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Five Questions About the Johnson & Johnson Vaccine Pause

April 13, 2021

The Food and Drug Administration and the Centers for Disease Control and Prevention asked states Tuesday to immediately pause use of Johnson & Johnson’s single-dose COVID-19 vaccine after six recipients developed a rare blood-clotting disorder.

Here are five questions about the pause:

How Long Will The Pause Last?

FDA and CDC scientists will examine possible links between the vaccine and the rare blood-clotting disorder. An emergency meeting of the CDC’s Advisory Committee on Immunization Practices is scheduled Wednesday. The pause probably will last “more like days to weeks than weeks to months,” said Dr. Anthony Fauci, director of the National Institute of Allergy and Infectious Diseases, at an afternoon briefing.

Will the Pause Affect Hartford HealthCare’s Vaccination Efforts?

The Johnson & Johnson vaccine represents only a small percentage of vaccinations administered by Hartford HealthCare:

  • Pfizer: 236,370 doses (combined first and second).
  • Moderna: 75,971 doses (combined first and second).
  • Johnson & Johnson: 18,857 doses.

“This does not significantly impact our overall vaccine administration,” said Dr. James Cardon, Hartford HealthCare’s Chief Clinical Integration Officer. “We were predominantly administering the mRNA (Pfizer and Moderna) vaccines, given the recent reduction in allocation of the J&J.”

Dr. Cardon said the Johnson & Johnson vaccine had been used in a new pilot project that vaccinated patients leaving acute-care facilities and the Emergency Department. Hartford HealthCare also planned to use the Johnson & Johnson vaccine for a mobile vaccination site, said Dr. Cardon, “where we had a very small number of folks signed up.”

For now, those sites will use the Pfizer and Moderna vaccines. Safety comes first in both the development and distribution of any vaccine.

“It’s extremely reassuring that we picked up six events in 6.85 million doses,” said Dr. Cardon, “with enough sensitivity to find those six events, to call them out and say hit the pause button tells me we are focused on the very high bar of trying to make sure that when we’re vaccinating somebody that it’s safe.”

What Is Different About Blood Clots in These Cases?

Six people, all women between ages 18 and 48, among the close to 7 million in the United States who received the Johnson & Johnson vaccine developed the rare blood-clotting disorder. One woman died and another remains hospitalized in critical condition.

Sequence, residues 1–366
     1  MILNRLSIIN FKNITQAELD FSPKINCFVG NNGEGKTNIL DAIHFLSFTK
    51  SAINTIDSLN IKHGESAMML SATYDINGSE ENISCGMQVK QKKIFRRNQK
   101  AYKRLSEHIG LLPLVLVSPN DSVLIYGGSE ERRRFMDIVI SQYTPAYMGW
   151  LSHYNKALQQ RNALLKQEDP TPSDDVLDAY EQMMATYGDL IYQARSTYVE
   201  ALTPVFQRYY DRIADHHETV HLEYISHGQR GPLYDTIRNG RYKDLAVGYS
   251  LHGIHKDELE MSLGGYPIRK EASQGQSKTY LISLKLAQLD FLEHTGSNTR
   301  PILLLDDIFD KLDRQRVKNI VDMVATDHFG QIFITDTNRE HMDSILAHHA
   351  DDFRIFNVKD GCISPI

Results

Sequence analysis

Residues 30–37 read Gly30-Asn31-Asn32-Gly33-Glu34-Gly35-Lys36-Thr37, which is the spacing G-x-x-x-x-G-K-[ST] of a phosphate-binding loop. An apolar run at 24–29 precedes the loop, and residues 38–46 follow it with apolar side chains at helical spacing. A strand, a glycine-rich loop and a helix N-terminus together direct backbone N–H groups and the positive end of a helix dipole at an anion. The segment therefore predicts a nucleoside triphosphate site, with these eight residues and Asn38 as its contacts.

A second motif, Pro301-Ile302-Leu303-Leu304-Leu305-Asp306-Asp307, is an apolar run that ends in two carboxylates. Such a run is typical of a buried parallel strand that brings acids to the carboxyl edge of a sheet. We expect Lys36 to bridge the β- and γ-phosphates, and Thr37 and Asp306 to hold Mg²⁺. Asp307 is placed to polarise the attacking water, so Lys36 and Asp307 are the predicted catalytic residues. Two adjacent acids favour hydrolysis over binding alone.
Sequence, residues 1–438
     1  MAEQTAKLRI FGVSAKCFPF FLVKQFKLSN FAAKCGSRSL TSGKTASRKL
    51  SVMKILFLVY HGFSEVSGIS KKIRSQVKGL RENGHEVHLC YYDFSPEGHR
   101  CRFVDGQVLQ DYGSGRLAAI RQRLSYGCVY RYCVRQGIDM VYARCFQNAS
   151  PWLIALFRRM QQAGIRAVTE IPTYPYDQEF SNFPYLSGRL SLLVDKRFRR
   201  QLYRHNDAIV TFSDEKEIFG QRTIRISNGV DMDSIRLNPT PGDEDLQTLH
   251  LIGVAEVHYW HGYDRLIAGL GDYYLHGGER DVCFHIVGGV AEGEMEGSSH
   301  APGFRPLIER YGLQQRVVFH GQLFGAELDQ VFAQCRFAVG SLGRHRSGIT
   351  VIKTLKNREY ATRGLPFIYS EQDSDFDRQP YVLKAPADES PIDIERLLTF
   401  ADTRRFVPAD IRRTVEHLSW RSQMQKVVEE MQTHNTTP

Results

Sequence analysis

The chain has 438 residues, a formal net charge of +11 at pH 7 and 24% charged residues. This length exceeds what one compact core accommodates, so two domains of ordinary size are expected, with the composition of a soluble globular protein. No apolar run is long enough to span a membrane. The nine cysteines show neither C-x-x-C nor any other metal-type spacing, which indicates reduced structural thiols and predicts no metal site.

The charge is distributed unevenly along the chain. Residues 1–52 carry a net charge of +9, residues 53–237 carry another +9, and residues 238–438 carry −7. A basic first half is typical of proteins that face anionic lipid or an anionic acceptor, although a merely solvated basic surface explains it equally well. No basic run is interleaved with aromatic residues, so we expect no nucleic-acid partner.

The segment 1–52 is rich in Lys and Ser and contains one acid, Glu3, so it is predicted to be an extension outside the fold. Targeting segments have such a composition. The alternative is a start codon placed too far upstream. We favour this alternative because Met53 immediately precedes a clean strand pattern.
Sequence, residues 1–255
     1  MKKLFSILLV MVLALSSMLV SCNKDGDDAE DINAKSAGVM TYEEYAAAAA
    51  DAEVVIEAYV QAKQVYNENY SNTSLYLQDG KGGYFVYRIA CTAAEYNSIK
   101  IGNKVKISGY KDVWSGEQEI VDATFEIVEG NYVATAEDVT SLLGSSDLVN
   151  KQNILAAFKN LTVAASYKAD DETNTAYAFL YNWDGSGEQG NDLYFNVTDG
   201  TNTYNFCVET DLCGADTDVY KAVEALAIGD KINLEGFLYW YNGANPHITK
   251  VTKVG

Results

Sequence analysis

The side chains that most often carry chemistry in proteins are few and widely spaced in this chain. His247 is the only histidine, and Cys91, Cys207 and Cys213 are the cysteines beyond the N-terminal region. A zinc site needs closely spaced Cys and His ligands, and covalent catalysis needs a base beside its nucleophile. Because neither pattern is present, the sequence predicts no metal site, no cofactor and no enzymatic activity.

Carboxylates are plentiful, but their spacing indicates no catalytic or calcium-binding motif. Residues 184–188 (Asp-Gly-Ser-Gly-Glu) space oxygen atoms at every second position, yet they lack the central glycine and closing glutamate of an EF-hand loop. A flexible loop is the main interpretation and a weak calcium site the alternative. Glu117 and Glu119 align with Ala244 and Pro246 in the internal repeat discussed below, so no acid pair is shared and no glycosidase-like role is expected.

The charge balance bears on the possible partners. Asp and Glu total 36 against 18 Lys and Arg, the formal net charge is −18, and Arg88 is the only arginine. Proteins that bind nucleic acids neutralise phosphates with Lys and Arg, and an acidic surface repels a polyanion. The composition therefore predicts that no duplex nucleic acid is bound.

Doctors typically use heparin, an anticoagulant drug, to treat blood clots. The FDA and CDC, however, said “administration of heparin may be dangerous, and alternative treatments need to be given.”

Each year, 300,000 to 600,000 people in the United States develop blood clots, according to the CDC. The blood-clotting disorder developed by the vaccine recipients is extremely rare.

Dr. Ulysses Wu, Hartford HealthCare’s System Director of Infection Disease and Chief Epidemiologist, said the vaccine could cause a low platelet level, a condition called thrombocytopenia, rather than the more typical venous sinus thrombosis that occurs unrelated to the vaccine.

“With their pause,” he said, “they’re trying to establish causality and, obviously, whether or not there are any safety issues associated with this.”

What Are The Symptoms of This Rare Disorder?

If you’ve had a Johnson & Johnson vaccine in the past three weeks and develop a severe headache, abdominal pain, leg pain or shortness of breath, call your doctor.

Could Some States Still Use the Vaccine?

Theoretically, yes. The FDA and CDC, which will stop using the vaccine at federal sites, recommended states temporarily halt its use. The FDA did not withdraw the vaccine’s emergency use authorization. The state Department of Public Health quickly approved of the recommendations, as did Hartford HealthCare, which announced shortly after a joint FDA-CDC statement that it would immediately halt use of the vaccine.

“I do believe this is right thing to do at this point with this medication,” said Keith Grant, APRN, Hartford HealthCare’s Senior Director of Infection Prevention. “There are a number of medications that have an increased risk of blood clots, but how they deal with those are different from this. So we understand why this has been dealt with this way.”